Tim Doran, M.D., and Martin Roland, B.M., B.Ch.
T. Doran and M. Roland, "Lessons from Major Initiatives to Improve Primary Care in the United Kingdom," Health Affairs, May 2010 29(5):1023–29.
An ambitious program in the United Kingdom that links physician payment increases to achievement of quality-of-care targets reduced a shortage of general practitioners, improved income and morale, and reduced working hours. Socioeconomic disparities in chronic disease treatment narrowed as well, but the program's impact on medical professionalism and long-term patient outcomes has yet to be determined.
After a decade of low morale and perceived poor working conditions, a 2001 survey found that 90 percent of U.K. general practitioners (GPs) felt they were overworked, undervalued, and underresourced. To address a shortage of GPs, improve physician morale, and address public concerns about quality of care, the U.K. Department of Health in 2004 negotiated a new GP contract that increased payments to practices based on performance on more than 100 clinical and health improvement indicators. The authors of this Commonwealth Fund–supported study examined the intended and unintended effects of this pay-for-performance program on the supply of GPs, quality of care, practice behavior, and income.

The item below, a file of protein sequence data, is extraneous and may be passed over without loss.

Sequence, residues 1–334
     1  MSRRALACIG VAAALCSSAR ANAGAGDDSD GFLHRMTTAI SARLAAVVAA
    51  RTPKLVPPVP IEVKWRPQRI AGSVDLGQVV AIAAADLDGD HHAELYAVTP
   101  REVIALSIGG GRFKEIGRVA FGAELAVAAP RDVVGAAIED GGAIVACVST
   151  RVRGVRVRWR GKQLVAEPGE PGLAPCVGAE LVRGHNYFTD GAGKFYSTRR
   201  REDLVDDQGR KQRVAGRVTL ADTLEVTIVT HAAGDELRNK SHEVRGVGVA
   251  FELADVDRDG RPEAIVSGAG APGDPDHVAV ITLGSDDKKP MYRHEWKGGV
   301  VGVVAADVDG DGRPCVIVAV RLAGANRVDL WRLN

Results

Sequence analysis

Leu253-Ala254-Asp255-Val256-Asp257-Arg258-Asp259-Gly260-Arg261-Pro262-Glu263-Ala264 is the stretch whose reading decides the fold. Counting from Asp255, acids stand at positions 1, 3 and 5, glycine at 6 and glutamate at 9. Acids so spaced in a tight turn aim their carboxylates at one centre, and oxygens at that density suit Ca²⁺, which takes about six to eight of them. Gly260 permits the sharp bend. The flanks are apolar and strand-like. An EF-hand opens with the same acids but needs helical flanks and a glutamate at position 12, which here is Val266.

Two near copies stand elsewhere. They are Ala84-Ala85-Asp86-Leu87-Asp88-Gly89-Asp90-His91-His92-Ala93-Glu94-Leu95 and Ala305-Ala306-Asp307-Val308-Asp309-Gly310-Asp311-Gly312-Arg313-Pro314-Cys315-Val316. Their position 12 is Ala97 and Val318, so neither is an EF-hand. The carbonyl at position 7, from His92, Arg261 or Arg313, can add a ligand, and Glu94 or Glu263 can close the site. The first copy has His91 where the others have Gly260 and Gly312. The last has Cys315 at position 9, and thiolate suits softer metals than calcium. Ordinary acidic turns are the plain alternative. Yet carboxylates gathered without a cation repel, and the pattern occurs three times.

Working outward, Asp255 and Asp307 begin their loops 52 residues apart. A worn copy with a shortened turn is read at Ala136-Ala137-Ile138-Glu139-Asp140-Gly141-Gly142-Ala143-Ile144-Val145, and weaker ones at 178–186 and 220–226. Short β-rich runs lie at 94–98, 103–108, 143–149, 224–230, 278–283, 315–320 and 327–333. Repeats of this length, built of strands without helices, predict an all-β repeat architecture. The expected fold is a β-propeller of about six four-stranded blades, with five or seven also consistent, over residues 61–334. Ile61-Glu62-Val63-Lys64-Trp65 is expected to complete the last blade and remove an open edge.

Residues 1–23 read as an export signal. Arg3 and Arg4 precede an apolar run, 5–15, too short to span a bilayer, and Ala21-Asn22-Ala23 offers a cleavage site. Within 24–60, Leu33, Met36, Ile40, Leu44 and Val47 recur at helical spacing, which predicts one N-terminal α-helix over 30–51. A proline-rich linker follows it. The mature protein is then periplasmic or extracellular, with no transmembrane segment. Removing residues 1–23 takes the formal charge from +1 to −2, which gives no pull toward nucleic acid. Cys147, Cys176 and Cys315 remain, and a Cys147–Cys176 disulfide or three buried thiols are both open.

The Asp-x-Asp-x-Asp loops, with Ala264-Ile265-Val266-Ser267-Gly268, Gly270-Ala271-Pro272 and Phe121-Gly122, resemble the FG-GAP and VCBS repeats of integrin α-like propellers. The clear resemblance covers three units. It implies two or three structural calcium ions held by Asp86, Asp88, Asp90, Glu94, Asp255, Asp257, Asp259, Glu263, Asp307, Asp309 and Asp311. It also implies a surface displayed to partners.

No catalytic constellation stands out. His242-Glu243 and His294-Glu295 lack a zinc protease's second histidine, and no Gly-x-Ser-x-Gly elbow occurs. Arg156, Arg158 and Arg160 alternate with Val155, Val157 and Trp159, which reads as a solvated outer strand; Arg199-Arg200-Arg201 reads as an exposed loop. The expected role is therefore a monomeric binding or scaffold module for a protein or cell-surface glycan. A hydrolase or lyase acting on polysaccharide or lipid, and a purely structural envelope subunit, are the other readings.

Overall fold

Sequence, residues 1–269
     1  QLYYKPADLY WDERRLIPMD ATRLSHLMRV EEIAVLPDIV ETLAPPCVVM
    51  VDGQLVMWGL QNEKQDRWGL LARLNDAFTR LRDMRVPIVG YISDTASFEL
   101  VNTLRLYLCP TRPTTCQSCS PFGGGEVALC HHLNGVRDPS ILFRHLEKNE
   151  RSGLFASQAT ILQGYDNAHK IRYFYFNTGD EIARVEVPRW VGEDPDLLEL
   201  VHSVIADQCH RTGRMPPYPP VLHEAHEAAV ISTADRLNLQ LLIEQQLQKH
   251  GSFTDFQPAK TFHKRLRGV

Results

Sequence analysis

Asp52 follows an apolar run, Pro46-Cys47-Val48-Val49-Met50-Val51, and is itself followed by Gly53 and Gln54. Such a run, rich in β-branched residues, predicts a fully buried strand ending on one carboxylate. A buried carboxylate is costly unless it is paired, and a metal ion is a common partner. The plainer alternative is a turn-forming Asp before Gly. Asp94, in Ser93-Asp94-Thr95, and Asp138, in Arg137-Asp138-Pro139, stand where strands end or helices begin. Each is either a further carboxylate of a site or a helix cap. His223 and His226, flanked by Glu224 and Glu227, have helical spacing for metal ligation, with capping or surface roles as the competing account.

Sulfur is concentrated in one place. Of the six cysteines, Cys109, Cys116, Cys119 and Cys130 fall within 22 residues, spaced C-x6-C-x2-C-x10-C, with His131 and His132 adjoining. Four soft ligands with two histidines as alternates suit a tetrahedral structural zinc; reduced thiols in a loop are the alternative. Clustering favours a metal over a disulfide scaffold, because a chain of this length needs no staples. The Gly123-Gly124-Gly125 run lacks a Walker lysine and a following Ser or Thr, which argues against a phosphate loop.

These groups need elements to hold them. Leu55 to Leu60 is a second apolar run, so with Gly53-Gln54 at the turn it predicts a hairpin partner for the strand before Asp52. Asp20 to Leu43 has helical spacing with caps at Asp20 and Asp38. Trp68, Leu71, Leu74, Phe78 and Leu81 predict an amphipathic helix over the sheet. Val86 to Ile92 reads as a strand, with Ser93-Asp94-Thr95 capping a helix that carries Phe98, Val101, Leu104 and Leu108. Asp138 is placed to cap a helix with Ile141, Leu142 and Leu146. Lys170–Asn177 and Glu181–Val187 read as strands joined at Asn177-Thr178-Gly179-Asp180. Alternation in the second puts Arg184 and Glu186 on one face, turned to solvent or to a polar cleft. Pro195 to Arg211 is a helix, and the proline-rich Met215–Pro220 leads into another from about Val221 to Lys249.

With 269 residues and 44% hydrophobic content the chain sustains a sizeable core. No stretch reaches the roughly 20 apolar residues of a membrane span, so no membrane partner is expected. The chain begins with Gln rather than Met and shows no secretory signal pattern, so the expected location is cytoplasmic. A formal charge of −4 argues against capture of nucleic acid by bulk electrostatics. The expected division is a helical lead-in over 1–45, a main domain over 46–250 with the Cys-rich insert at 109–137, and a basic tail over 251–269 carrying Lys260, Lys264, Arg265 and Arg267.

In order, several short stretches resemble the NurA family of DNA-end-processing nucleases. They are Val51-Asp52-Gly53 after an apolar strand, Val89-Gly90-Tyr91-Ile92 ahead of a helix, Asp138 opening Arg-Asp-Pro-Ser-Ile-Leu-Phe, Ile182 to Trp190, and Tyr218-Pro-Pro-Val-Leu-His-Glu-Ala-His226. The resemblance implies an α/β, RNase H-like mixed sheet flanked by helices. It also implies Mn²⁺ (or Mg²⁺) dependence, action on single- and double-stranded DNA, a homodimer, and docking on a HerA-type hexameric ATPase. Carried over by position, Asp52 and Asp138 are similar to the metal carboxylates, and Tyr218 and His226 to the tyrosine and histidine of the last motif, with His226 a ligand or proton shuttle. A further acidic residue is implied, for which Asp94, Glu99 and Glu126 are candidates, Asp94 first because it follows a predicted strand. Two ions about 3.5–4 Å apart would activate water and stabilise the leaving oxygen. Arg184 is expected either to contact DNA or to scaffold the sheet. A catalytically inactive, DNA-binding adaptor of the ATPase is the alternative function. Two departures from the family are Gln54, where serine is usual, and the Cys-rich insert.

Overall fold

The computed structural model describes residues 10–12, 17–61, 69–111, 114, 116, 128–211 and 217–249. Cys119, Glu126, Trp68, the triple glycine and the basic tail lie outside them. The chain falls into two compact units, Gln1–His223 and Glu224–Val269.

The program achieved successes in improving morale, reducing a shortage of GPs, and improving chronic disease management. However, introducing a large and complex incentive scheme may have produced some adverse consequences. For instance, the authors point out that it may make physicians more focused on meeting targets than on meeting patients’ needs. Looking forward, the authors conclude the following lessons for other health systems looking to initiate similar reforms: install the necessary infrastructure (e.g., by subsidizing health information technology systems); establish baseline performance and set targets accordingly; involve physicians and patient groups from an early stage; base indicators on important outcomes, if available, or on processes with strong evidence of improved outcomes; test indicators before introducing them widely; regularly review all elements of the initiative and their impact on patient outcomes; and monitor effects on professional behavior and morale.
The U.K.'s comprehensive physician practice incentive program improved physician morale, helped address a shortage of general practitioners, and improved chronic disease care. But the longer-term effects on the physician–patient relationship cannot yet be assessed.